Recent Noteworthy Studies to Stimulate Discussion and Debate
■ Benefits and costs. Everyone knows that ranibizumab costs more than bevacizumab, and the vast majority of the people receiving either drug in the United States are Medicare recipients. But just how much more is Medicare paying for ranibizumab, given retinal physicians' ability to administer either? A team from the Bascom Palmer Eye Institute (BPEI) sought to answer that question in the May 2011 issue of the American Journal of Ophthalmology.
The BPEI team, which included Philip Rosenfeld, MD, whose studies of bevacizumab for wet AMD in the mid-2000s paved the way for its regular use, conducted a retrospective review of over 200,000 Medicare Part B claims for wet AMD, limiting their analysis to a single year, 2008.
Despite 64.4% of the 222,866 beneficiaries' claims studied having been filed for bevacizumab, expenditures for ranibizumab constituted a larger amount spent by Medicare than bevacizumab ($536 million vs $20 million). The other chief outcome measurement, number of injections administered on a state-by-state basis, found that in 39 out of 50 states, rates of injections for bevacizumab were higher.
This is the first study on reimbursement data for competing anti-VEGF drugs since the ASRS's PAT survey addressed the issue. The article was in press when the CATT trial results were announced, so the BPEI could not augment their cost data with safety or efficacy data.
■ Can VEGF blockade hurt the retina? Anti-VEGF drugs for wet AMD have been in use for only six years, so we still don't know the long-term ocular effects of blockad ing VEGF. In the May 2011 Archives of Ophthalmology, a study team from Washington University in St. Louis examined this issue using pattern electroretinography.
Seventeen eyes of 17 treatment-naïve patients were prospectively enrolled in treatment with ranibizumab, which was administered monthly for six months. The authors performed electroretinograph imaging at baseline and at one, three and six months after the first treatment.
At the six-month mark, there were no decreases in P50 and N95 amplitudes in the eyes, and the trial had a mean improvement in visual acuity, typical for ranibizumab, from 20/85 at baseline to 20/55 at month six.
Although this study was limited by its small size and lack of a control group, the authors nevertheless are confident in stating that ranibizumab used over a six-month period does not damage the retina or retinal ganglion cells, at least as evaluated by electroretinography.
■ Small-gauge vitrectomy study. To determine whether 23-gauge vitrectomy has a favorable rate of postoperative retinal detachment when compared to standard 20-g vitrectomy, a surgical team in France conducted a retrospective study of nearly 700 eyes. They report their findings in the May 2011 issue of Retina.
To compile the cases, 349 eyes operated on from June 2007 to December 2008 with 23-g vitrectomy were compared to 346 eyes operated on between October 2003 and September 2007 with 20-g vitrectomy. Six-month follow-up data were compared between the groups, as were longer-term follow-up data as available. Furthermore, rates of retinal detachment relative to the retina disorder being treated surgically were analyzed.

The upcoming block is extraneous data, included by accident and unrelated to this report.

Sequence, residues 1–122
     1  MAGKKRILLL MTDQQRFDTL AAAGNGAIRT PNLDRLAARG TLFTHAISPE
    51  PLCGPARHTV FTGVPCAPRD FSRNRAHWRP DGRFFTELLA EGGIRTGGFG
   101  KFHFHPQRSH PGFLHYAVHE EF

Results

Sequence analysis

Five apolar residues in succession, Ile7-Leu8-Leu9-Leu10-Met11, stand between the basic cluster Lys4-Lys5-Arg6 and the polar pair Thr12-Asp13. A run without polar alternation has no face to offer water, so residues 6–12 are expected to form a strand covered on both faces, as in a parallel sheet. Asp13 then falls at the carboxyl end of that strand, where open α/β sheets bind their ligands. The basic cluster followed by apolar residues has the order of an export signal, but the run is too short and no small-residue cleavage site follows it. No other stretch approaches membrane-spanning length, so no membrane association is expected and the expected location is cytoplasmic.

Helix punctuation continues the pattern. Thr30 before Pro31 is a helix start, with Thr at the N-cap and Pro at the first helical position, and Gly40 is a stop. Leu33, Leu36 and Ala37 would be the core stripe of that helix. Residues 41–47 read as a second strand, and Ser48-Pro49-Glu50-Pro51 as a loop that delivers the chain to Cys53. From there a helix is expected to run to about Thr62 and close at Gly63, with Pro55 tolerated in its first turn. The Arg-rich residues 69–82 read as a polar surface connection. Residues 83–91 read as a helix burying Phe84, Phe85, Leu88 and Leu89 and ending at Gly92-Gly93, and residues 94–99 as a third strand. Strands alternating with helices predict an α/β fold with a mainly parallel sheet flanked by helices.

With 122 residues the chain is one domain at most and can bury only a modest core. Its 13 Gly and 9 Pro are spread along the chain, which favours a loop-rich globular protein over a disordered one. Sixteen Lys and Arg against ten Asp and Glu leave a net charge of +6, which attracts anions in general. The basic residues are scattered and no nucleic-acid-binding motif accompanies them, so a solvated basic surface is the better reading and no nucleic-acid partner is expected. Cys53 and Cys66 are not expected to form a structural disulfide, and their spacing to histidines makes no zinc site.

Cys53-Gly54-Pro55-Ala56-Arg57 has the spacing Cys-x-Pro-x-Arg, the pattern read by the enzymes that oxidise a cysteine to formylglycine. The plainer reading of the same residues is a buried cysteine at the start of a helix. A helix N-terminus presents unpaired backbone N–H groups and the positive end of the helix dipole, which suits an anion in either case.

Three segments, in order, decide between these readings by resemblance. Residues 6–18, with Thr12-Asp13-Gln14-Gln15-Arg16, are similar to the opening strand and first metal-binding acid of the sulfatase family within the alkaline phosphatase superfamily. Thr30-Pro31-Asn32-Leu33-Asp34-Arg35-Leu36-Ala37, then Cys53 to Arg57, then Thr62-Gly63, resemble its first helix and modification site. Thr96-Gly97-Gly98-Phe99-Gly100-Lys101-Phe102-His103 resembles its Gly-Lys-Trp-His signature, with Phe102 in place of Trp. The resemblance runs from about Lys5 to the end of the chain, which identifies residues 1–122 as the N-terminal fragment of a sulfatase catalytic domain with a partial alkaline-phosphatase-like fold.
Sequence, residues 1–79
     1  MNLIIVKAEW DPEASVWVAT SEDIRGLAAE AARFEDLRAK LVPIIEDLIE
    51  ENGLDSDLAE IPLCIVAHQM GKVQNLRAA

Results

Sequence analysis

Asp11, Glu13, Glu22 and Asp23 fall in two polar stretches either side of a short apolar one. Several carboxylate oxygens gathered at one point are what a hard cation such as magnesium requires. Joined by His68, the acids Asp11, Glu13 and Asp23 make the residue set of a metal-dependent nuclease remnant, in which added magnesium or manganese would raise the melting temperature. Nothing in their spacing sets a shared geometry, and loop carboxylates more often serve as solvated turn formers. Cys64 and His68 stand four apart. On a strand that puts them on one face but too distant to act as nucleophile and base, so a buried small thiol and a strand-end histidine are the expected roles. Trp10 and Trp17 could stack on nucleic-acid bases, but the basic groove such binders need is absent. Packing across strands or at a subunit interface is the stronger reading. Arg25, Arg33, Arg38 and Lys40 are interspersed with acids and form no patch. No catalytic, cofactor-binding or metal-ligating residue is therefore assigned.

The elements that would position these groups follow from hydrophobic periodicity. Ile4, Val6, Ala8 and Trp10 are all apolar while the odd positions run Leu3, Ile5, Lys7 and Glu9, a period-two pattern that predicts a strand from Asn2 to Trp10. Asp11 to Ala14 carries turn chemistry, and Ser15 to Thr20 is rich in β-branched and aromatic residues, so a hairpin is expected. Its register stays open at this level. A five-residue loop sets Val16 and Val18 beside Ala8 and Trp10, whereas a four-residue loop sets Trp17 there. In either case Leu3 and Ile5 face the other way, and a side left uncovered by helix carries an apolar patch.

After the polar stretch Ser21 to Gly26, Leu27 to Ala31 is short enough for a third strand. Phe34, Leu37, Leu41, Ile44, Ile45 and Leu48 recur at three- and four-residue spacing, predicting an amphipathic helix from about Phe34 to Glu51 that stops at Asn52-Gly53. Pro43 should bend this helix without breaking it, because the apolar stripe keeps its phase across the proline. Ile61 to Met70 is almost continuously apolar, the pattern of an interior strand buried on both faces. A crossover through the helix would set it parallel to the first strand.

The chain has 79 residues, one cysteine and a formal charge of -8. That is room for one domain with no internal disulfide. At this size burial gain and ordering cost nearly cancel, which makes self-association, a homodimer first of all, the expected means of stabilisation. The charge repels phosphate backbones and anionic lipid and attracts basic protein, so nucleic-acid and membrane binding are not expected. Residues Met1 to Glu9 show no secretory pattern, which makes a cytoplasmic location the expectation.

At six months, the cumulative probability of retinal detachment following 23-g vitrectomy was 1.1%, as compared to 3.5% for 20-g vitrectomy. At the median-length follow-up of 14 months, the rate in the 20-g rose to 4.9%, while the rate in the 23-g group remained the same. Furthermore, detachments were observed most commonly following macular hole repair (7.3%), followed by vitreo-macular tractions surgery (4.3%) and epiretinal membrane surgery (2.3%).
The study authors offer six possible explanations for why 23-g had a demonstrably lower rate of postop retinal detachment. These explanations include the use of trocars and cannulas in 23-g vitrectomy and smaller-sized sclerotomies. The authors are also careful to note that, due to their study's limited follow-up, the true rates of postvitrectomy retinal detachment may be higher and the better results with 23-g victrectomy not borne out over time.
■ Sirolimus for DME. Retinal physicians at the National Eye Institute report online in Graefe's Archive of Clinical and Experimental Ophthalmology the one-year results from a trial of sirolimus in diabetic macular edema. In this phase 1/2 study, sirolimus, which has already undergone extensive testing in AMD, appeared safe in eyes with DME.
The NEI team gave five patients with DME involving the fovea a 20-µL subconjunctival injection of sirolimus and then every two months, unless the edema and/or sub-retinal leakage resolved, as measured with optical coherence tomography and fluorescein angiography, respectively.
While, as noted, sirolimus injections appeared safe and resulted in no serious adverse events, only redness and swelling at the injection site, they also did not result in any significant improvement in visual acuity or, indeed, any consistent treatment effect at all. This trial adds to the growing amount of data suggesting that sirolimus may not be effective in treating macular disease. However, the authors stress multiple investigations of immunosuppressive drugs in macular disease are under way and it remains a promising avenue of research. RP